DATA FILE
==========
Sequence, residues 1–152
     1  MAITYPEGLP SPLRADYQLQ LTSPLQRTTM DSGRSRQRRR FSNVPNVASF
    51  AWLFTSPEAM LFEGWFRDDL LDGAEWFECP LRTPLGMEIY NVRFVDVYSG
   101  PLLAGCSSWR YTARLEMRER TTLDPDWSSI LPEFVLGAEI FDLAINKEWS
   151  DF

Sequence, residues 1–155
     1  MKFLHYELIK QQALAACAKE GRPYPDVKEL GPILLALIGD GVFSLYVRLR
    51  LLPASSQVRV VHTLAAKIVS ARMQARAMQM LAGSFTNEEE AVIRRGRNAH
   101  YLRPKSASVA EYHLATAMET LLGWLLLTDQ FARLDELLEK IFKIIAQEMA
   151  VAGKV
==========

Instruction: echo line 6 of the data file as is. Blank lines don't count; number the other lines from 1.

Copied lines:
Sequence, residues 1–155